GHoULS

oF THE

MISKAToNIc

17

ing toward an iron gate barring access to the inner sanctum of the institution. Even the architecture of this place drew him in, letting him know that it had a padded room ready and waiting for the day his mind collapsed. A small reception desk was set to one side and the orderly went behind this and checked his name against the days expected visitors. Grayson? Yes. And youre here to see who? Professor Henry Cartwright, said Oliver. I believe I said that already. The orderly gave him an odd look and shook his head. Nobody by that name works here. No, said Oliver with a forced smile. He doesnt work here. He is a patient here. Right, said the orderly. Then hes not a professor. You shouldnt confuse things by saying things that arent true. Oliver wanted to say that Professor Henry Cartwright deserved the title of professor more than most men who bore it, lunatic or not, but sensed that getting into an argument with this orderly would see him shown the door in short order. A heavy visitors book was turned around to face Oliver. You need to sign in, said the orderly, as though Oliver had never been here before. Oliver took out his fountain pen and dipped it into the desks recessed inkwell, signing his name and taking his pocket watch out to write down the time. It was a quarter past seven, early by any academics standards, but Henry always seemed more cogent in the early hours of the day. Medicated he was barely coherent, and by evening virtually catatonic. The rattle of iron keys and the clatter of a lock announced the arrival of another orderly. Oliver looked up from the book to see a thin-faced man coming through the barred gateway. His name was Monroe, and he was smoking a cheap roll-up cigarette that reeked unpleasantly of damp moss. The thickset orderly jabbed a callused thumb toward Oliver.

18

GRAHAM McNEILL

Take him upstairs, said the orderly. Hes here to see the rebug. *** Henry? he said. Henry? Its Oliver Grayson. Thought Id stop by and see how you were getting on. Been awhile, I know, but you know how it is at the university. Always classes to take, papers to grade and so on. Henry Cartwright didnt respond, sitting on the edge of his bed with his hands clasped in his lap and staring vacantly at the blank wall opposite him. Oliver removed his coat and put it on the back of the chair Monroe had provided. He set down his briefcase and sat beside Henry, looking at the mans pale, ravaged features. Hed lost weight since coming to the asylum, almost three years ago, but that was only to be expected. The burn scarring on his hands and face had healed well, and only the barest hint of it could be seen at the side of his neck and upon his palms. Some of the other patients had access to sketch pads, paints, and colored crayons, with which they decorated their rooms with drawings and symbols analyzed by the institutes physicians. Not that much came of such analysis, for though Arkham Asylum practiced modern psychiatric treatments, the emphasis was very much on palliative care and not curing its patients. Henry had no such adornments to his room. Since he had been incarcerated at the asylum after a series of arson attacks in late 1923, it had been deemed ill-advised to give Henry anything ammable in his room. Are they treating you well? he asked. Is the food tolerable? Again there was no answer, though Henry turned his head slightly. I expect youll be glad of the coming winter, continued Oliver. Less light to wake you in the mornings. As well as no paper, Henrys room had no curtains either, and in summer the light streamed in criminally early. Oliver himself was a light sleeper, and hung blackout curtains on the windows of his bedroom at the rst hint of spring. He unsnapped his briefcase and lifted out a book, The Great Gatsby, and opened it to where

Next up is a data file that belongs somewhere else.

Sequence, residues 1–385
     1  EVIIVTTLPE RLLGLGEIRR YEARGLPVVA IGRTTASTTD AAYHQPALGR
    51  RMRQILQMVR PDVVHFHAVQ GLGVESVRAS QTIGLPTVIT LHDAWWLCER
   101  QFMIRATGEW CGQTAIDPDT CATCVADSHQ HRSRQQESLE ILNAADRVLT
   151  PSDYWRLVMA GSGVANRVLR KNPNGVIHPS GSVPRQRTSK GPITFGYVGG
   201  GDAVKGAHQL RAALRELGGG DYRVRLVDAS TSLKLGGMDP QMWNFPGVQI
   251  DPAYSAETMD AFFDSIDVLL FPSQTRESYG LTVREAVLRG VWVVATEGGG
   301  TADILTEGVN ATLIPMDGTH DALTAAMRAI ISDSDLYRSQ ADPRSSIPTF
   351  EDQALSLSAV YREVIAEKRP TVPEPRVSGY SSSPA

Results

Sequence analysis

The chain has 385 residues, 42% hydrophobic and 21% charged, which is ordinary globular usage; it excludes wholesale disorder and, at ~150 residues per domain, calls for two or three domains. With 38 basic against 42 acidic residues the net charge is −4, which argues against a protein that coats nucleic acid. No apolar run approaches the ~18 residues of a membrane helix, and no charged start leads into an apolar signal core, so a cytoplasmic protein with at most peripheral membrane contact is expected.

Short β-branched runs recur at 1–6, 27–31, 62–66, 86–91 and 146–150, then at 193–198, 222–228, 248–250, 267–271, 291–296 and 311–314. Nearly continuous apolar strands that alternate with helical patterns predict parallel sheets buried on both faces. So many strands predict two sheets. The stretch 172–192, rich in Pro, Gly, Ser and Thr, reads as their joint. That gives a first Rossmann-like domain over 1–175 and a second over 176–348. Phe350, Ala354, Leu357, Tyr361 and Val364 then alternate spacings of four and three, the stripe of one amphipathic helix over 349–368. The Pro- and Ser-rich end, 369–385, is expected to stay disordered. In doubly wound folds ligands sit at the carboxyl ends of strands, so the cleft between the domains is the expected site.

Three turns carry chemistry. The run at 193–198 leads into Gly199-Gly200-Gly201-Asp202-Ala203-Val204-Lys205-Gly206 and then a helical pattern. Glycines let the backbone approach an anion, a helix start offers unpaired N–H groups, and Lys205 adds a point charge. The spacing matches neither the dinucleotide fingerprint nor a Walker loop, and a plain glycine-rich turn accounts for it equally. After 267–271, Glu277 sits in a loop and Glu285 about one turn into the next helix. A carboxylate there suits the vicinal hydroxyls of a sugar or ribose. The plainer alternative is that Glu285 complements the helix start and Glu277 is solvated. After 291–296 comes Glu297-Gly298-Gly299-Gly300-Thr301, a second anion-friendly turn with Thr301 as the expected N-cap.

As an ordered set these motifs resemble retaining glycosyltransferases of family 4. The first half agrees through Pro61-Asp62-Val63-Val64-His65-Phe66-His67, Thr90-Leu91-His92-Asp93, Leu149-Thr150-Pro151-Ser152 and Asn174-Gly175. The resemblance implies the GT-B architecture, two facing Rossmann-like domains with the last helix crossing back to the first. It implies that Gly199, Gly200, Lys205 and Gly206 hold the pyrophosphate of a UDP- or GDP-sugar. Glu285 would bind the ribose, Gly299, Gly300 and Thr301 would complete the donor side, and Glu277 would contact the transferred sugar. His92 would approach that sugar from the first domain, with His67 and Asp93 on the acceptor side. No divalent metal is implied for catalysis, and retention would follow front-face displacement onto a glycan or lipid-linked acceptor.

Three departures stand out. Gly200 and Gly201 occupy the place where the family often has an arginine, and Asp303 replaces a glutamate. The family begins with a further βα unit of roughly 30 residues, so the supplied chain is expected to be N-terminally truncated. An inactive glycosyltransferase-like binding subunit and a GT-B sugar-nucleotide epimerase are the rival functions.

GHoULS

oF THE

MISKAToNIc

19